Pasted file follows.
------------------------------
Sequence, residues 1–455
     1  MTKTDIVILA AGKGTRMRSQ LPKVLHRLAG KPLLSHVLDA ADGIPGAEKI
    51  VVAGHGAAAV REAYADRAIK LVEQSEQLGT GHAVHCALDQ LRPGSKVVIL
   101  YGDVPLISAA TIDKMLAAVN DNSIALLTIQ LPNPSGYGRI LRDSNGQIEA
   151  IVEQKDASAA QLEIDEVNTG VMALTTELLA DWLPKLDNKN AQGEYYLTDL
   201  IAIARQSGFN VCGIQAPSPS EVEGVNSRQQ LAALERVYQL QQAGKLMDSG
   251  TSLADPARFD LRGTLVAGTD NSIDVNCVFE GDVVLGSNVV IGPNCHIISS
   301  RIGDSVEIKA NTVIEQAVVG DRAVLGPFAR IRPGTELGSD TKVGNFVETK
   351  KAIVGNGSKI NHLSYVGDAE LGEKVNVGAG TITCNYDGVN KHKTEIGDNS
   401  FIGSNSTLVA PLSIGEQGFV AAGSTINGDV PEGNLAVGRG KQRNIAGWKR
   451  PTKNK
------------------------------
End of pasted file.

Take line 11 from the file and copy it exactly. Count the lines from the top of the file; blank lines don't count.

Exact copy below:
   451  PTKNK